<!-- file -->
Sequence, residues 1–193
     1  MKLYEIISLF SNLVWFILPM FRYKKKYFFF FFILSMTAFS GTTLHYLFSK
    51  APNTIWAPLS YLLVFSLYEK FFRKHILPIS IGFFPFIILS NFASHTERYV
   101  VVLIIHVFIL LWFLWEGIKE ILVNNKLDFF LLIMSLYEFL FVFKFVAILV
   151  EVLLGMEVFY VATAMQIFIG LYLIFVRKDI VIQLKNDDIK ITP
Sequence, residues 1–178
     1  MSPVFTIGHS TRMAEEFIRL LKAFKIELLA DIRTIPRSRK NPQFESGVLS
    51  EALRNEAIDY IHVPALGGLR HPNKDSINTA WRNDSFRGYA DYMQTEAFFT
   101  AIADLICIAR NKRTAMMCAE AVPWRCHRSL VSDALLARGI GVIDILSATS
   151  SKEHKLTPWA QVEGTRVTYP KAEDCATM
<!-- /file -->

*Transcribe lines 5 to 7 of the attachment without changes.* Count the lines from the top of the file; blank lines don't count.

   151  EVLLGMEVFY VATAMQIFIG LYLIFVRKDI VIQLKNDDIK ITP
Sequence, residues 1–178
     1  MSPVFTIGHS TRMAEEFIRL LKAFKIELLA DIRTIPRSRK NPQFESGVLS